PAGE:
“I only went out for a walk and finally concluded to stay out till sundown, for going out, I found, was really going in.”
– John Muir
My mom was always a big walker, five to ten miles per day, even in the sweltering heat of Dubai or the bone chilling cold of North Dakota, two of the wild places she lived and worked. It was at the start of the Camino de Santiago, the five hundred mile walking pilgrimage across northern Spain that she learned of her cancer. All throughout, she continued walking each and every day, through my neighborhood at first, and later, laps around my house where she spent her last year with us.
I’ve always been a walker myself. When she transitioned though, I took up the practice in earnest. It was a great way of connecting with her, and I was able to do my best thinking while on the move. It was on an evening walk that I got the idea to do a full day of walking, 24 hours without a single break. It was my kind of challenge and the idea of that much time moving, thinking, and being in nature was appealing.
The simplicity of it was also appealing. One of the tenants at Ned that has served us well is to “keep things simple and natural.” What could be more simple and natural than a long walk? Maybe it wasn’t so simple though? Or perhaps the simplicity would cause complicated tangles to unwind? I sensed this was going to be the case, and I was eager to find out!
The next weekend, it was on! Responsibilities cropped up, as they do, and the 24 hour walk was whittled down to a 12 hour walk. “Still plenty of walking,” I figured as I set out, “especially if I don’t take any breaks.”
It was 8 am on a glorious Saturday in May when I started from my house in the foothills of Boulder, CO. I carried some water and food in a pack and had my phone on airplane mode. No headphones or anything to distract me. I wanted to lean into the solitude and silence and really be present for whatever was to come. My destination was farm country to the east. I’ve always liked country roads and knew I’d like them a lot more today for their relative flatness and easy-going vibe.
That day, I walked for thirteen hours and covered over thirty miles. I was on my feet the entire time. I noticed many things along the walk, both about the world around me and about myself. The way magpies will heckle a fox. The way farmers trust and rely on one another. The way excuses infiltrate my mind and gather steam. The way my heart sings in anticipation of a great sunset. It was all there on display, distraction-free and unfiltered.
I learned a lot that day and enjoyed every mile. I loved the simplicity and return on investment. It cost nothing but time and yet I gained so much. I was able to work through more than I could have in multiple therapy sessions. I came away from the walk with far greater focus, creativity, and happiness, all of which lasted for weeks. The challenge added to my confidence and character. I felt refreshed, reinvigorated, and more like myself than I had in a long time.
I spent the next month or so telling everyone who would listen what a great thing it was and how they ought to get out there and try it for themselves. I shared a bit of the experience on Instagram and received a ton of feedback and interest. It appealed to a lot of people, mostly, I imagine, for its simplicity and elemental nature. I expect they too sensed there was something about the simplicity that would work wonders on the complexity in our minds.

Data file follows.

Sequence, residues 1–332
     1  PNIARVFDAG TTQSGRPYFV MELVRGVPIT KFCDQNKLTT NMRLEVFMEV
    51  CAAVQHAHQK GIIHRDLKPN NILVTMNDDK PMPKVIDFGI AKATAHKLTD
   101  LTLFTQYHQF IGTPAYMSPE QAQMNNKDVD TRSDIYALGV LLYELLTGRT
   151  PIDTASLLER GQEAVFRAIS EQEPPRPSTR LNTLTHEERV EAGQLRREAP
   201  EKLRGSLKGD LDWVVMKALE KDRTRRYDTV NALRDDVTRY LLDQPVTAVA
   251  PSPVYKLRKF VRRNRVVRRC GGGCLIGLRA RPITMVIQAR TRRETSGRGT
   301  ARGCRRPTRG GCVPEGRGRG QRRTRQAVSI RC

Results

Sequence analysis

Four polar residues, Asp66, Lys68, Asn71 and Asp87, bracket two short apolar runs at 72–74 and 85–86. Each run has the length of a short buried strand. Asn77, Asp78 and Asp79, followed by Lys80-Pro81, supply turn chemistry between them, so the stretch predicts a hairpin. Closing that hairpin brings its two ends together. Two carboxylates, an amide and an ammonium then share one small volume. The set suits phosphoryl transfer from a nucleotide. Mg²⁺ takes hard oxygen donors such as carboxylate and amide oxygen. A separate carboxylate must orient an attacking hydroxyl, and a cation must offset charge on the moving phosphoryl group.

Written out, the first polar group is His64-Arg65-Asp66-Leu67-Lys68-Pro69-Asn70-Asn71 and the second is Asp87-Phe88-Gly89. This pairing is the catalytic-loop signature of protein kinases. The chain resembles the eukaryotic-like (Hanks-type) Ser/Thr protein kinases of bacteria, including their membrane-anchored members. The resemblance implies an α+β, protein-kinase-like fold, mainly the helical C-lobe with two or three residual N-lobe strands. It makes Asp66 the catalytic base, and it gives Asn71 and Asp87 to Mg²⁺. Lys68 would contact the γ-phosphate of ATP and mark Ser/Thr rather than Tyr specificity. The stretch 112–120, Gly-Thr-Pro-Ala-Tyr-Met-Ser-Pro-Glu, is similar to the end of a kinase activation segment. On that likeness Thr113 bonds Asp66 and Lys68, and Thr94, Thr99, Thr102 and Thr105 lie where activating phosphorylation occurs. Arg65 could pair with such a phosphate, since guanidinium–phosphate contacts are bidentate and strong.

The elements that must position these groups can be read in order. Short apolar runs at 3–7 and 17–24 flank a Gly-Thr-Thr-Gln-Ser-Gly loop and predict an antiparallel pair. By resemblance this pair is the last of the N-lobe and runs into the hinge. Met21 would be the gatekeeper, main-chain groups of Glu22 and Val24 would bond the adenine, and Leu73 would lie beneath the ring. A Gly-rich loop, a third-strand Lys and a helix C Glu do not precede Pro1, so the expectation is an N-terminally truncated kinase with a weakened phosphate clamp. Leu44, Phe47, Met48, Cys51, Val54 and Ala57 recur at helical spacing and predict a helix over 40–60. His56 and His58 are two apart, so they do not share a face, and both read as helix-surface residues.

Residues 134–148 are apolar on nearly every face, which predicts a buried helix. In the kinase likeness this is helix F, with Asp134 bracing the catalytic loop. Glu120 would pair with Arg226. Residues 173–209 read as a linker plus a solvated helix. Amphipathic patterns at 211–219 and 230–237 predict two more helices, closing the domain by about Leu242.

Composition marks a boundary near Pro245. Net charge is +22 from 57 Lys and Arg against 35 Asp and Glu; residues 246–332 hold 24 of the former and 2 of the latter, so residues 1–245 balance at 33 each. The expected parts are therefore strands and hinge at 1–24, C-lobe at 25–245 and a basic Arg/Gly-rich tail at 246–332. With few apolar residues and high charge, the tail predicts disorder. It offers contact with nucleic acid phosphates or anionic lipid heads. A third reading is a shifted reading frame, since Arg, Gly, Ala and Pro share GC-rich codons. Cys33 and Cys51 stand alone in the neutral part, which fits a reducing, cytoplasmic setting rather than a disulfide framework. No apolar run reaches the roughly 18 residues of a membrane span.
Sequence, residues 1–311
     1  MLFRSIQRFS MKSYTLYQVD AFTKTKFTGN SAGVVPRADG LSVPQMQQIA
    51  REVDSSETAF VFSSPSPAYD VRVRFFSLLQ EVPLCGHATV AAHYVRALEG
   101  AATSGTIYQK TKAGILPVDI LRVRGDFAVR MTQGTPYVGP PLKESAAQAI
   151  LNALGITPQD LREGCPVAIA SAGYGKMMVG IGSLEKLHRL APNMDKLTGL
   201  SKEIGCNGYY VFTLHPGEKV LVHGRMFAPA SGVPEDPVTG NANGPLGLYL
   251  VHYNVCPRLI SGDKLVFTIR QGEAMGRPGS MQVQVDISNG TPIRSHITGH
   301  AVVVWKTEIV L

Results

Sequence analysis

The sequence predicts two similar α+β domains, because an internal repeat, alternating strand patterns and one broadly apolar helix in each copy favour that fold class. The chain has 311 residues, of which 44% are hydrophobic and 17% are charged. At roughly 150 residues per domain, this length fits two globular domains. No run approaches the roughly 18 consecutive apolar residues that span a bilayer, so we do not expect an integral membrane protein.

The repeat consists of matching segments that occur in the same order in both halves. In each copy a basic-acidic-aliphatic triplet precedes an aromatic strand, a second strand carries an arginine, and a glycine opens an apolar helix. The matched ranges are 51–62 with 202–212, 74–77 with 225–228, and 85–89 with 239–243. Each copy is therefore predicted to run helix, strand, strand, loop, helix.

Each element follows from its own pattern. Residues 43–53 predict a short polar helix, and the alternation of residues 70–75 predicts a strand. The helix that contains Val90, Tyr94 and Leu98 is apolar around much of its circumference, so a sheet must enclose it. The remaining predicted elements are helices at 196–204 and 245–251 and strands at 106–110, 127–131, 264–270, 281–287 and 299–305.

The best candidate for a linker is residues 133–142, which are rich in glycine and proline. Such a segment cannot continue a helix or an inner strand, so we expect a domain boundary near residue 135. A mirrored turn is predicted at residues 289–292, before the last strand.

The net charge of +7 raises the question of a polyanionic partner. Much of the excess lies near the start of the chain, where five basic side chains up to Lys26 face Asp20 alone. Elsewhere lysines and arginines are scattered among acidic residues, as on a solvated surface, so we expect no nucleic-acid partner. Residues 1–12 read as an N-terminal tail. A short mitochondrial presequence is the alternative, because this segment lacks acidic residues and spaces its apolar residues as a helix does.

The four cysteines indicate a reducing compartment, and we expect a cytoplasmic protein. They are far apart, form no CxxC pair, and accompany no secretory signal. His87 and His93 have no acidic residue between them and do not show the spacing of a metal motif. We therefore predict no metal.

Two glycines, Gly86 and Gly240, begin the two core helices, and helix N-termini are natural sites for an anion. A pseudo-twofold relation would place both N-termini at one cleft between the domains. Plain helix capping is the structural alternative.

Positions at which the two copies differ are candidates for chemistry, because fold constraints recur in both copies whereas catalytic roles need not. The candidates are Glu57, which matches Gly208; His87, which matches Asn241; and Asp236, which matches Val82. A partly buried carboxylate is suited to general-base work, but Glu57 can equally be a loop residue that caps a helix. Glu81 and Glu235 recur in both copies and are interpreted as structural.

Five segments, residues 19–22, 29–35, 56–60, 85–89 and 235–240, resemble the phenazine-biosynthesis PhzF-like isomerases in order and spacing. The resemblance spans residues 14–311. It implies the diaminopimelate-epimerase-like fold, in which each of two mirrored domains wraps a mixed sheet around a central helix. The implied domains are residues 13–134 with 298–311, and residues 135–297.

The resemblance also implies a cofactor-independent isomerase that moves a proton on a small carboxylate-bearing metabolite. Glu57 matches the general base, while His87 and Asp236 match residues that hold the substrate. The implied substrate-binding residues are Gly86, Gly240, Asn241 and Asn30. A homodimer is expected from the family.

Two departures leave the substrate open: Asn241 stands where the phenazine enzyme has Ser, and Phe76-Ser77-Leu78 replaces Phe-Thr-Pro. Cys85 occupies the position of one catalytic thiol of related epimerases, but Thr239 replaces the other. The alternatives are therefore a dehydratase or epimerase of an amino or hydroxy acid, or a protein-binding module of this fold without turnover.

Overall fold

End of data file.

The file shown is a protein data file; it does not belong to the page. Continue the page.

A lot of people wanted to know “how to do it,” something that confounded me a bit at first. “Well,” I’d say, “you set aside the time, pack a few things in a backpack, disconnect from everything but the walk, and just go.” Later I realized there actually is more to it getting out there.
Unbeknownst to me, at the same time I was contemplating this, a book on this very topic was being printed and readied to hit bookstores everywhere. It would be titled, “The 12 Hour Walk.” Imagine that! Even wilder is that I met the author a few years ago…on a long walk. Colin O’Brady is a “ten-time world record-breaking explorer, New York Times bestselling author, speaker, entrepreneur, and expert on mindset.” He’s also a friend of a friend and from what I can tell, a really good guy.
Colin’s book, “The 12 Hour Walk,” walks (sorry, had to do it) the reader through the benefits of investing one day in oneself to “conquer our minds and become our best selves.” According to the book’s jacket, it’s a “compelling blend of riveting adventure stories and hard-won wisdom that teaches us how to overcome our limiting beliefs and embark on a transformative one-day journey that will unlock our best selves.”
Clearly Colin had a lot more to say about “how to do it” than I did. I’m about halfway through his book and definitely recommend it. That said, I still love the simplicity of a 12 hour walk and encourage anyone interested in doing one not to overthink getting started. The thinking will come while you’re walking.
On my walk, I thought a lot about my mom and how inspirational she was and continues to be for Ned. I thought about how proud she would be to see what we’re doing and excited for where we’re going. She would have loved the 12 hour walk! She would have loved the 24 hour walk even more, one of the reasons why I’m still called to do it. All I need to do is set aside the time, pack a bag, put my phone on airplane mode, and go.
Ret is the co-founder of Ned. He’s all about helping people find a deeper connection to the natural world. Give him a shout if you’d like any help or inspiration here. He’d love to hear from you: firstname.lastname@example.org.